• YGENERAL TAGGING OF NEW TECHNOLOGICAL DEVELOPMENTS; GENERAL TAGGING OF CROSS-SECTIONAL TECHNOLOGIES SPANNING OVER SEVERAL SECTIONS OF THE IPC; TECHNICAL SUBJECTS COVERED BY FORMER USPC CROSS-REFERENCE ART COLLECTIONS [XRACs] AND DIGESTS
    • Y02TECHNOLOGIES OR APPLICATIONS FOR MITIGATION OR ADAPTATION AGAINST CLIMATE CHANGE
    • Y02EREDUCTION OF GREENHOUSE GAS [GHG] EMISSIONS, RELATED TO ENERGY GENERATION, TRANSMISSION OR DISTRIBUTION
    • Y02E10/00Energy generation through renewable energy sources
    • Y02E10/50Photovoltaic [PV] energy
    • Y02E10/54Material technologies
    • Y02E10/547Monocrystalline silicon PV cells
    • YGENERAL TAGGING OF NEW TECHNOLOGICAL DEVELOPMENTS; GENERAL TAGGING OF CROSS-SECTIONAL TECHNOLOGIES SPANNING OVER SEVERAL SECTIONS OF THE IPC; TECHNICAL SUBJECTS COVERED BY FORMER USPC CROSS-REFERENCE ART COLLECTIONS [XRACs] AND DIGESTS
    • Y02TECHNOLOGIES OR APPLICATIONS FOR MITIGATION OR ADAPTATION AGAINST CLIMATE CHANGE
    • Y02PCLIMATE CHANGE MITIGATION TECHNOLOGIES IN THE PRODUCTION OR PROCESSING OF GOODS
    • Y02P70/00Climate change mitigation technologies in the production process for final industrial or consumer products
    • Y02P70/50Manufacturing or production processes characterised by the final manufactured product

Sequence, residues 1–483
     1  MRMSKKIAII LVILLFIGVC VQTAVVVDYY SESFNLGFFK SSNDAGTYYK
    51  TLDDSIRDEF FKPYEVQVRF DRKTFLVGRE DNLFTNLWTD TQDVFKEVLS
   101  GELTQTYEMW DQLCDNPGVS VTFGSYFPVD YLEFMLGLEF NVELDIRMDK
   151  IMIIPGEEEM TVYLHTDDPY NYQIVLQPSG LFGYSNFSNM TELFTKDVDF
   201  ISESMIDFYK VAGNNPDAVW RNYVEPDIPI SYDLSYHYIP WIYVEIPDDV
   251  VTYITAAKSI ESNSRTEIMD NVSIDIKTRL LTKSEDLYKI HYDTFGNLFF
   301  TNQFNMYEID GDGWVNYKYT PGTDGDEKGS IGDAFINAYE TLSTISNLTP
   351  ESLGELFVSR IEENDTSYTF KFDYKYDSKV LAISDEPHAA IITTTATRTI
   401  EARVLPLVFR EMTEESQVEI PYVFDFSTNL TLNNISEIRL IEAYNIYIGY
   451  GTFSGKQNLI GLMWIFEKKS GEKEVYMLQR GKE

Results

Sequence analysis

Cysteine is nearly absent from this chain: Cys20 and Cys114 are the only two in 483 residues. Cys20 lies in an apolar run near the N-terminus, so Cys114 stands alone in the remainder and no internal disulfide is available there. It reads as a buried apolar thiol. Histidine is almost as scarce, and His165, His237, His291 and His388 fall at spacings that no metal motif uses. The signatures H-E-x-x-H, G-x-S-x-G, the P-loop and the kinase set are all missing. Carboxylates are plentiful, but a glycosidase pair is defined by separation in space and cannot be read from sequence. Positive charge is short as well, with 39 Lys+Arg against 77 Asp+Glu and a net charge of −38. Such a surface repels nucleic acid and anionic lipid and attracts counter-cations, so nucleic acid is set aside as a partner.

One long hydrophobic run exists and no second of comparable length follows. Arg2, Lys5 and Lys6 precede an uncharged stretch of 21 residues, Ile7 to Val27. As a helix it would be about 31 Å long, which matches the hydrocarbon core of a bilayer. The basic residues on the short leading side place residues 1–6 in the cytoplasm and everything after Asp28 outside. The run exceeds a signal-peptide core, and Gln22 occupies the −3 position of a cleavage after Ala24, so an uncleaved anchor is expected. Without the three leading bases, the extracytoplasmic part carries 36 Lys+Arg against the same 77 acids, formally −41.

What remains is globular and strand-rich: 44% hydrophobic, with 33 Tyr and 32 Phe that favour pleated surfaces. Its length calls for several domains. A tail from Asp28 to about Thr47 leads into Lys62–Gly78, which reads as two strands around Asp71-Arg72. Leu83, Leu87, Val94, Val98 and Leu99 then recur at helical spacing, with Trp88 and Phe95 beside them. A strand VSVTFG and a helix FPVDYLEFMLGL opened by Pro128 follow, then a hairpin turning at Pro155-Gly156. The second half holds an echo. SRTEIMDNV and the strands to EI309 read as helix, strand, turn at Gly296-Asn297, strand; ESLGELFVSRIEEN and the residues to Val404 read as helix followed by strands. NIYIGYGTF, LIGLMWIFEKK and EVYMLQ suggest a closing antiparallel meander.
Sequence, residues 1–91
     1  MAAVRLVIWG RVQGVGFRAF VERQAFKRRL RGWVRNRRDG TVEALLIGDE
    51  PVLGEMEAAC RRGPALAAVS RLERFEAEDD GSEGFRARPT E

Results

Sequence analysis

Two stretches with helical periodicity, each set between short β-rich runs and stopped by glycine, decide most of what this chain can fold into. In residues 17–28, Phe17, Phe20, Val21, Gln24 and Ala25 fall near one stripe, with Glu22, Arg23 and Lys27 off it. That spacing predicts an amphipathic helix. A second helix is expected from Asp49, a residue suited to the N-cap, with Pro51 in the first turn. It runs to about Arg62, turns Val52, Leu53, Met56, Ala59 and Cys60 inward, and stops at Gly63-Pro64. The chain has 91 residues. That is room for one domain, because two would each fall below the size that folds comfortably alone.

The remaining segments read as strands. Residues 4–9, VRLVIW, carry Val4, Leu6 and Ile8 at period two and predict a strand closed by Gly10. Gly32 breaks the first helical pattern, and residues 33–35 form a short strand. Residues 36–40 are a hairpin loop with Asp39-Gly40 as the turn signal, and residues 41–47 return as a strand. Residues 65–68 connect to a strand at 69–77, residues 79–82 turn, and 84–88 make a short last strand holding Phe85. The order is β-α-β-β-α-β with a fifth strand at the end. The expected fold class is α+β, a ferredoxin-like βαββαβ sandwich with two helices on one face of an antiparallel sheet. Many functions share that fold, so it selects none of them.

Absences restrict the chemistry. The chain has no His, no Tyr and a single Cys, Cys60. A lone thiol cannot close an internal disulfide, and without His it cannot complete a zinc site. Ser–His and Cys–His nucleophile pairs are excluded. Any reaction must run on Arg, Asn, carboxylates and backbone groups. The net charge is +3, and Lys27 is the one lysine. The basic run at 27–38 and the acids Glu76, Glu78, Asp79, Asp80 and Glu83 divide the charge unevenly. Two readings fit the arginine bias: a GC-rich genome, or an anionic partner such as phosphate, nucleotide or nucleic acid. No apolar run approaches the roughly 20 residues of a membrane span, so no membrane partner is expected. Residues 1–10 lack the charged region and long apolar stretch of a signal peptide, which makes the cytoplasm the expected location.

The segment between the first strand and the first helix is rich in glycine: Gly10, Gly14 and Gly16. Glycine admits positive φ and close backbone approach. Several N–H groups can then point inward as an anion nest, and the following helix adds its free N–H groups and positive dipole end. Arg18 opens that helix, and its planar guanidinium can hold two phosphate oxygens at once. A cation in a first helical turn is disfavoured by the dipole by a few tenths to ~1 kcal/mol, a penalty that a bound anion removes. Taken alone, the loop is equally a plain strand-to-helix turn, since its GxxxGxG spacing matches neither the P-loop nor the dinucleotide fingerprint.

• Y02P70/52Manufacturing of products or systems for producing renewable energy
    • Y02P70/521Photovoltaic generators

Abstract

A device, system, and method for solar cell construction and bonding/layer transfer are disclosed herein. An exemplary structure of solar cell construction involves providing a monocrystalline donor absorber layer. A conductive bonding layer bonds the absorber layer to a carrier substrate. A porous layer or ion implant may be used to form the donor absorber layer.

Description

    RELATED APPLICATIONS
  • This application claims the benefit of and priority to U.S. Provisional Application Ser. No. 61/296,289 filed Jan. 19, 2010, and U.S. Provisional Application Ser. No. 61/370,114 filed Aug. 3, 2010 the disclosures of which are hereby incorporated by reference in its entirety.
  • TECHNICAL FIELD
  • The present invention relates to layer transfer and more particularly, relates to layer transfer of thin film monocrystalline silicon onto a substrate.
  • BACKGROUND INFORMATION
  • This invention relates generally to the construction of wafers and substrates used in the optoelectronic and electronic fields. In particular, it relates to a technique of wafer bonding and splitting to facilitate the transfer of thin film semiconductor materials used in making semiconductor substrates for solar cells, LEDs, LDs, optoelectronic integration circuits (OEIC) and microelectromechanical systems (MEMS).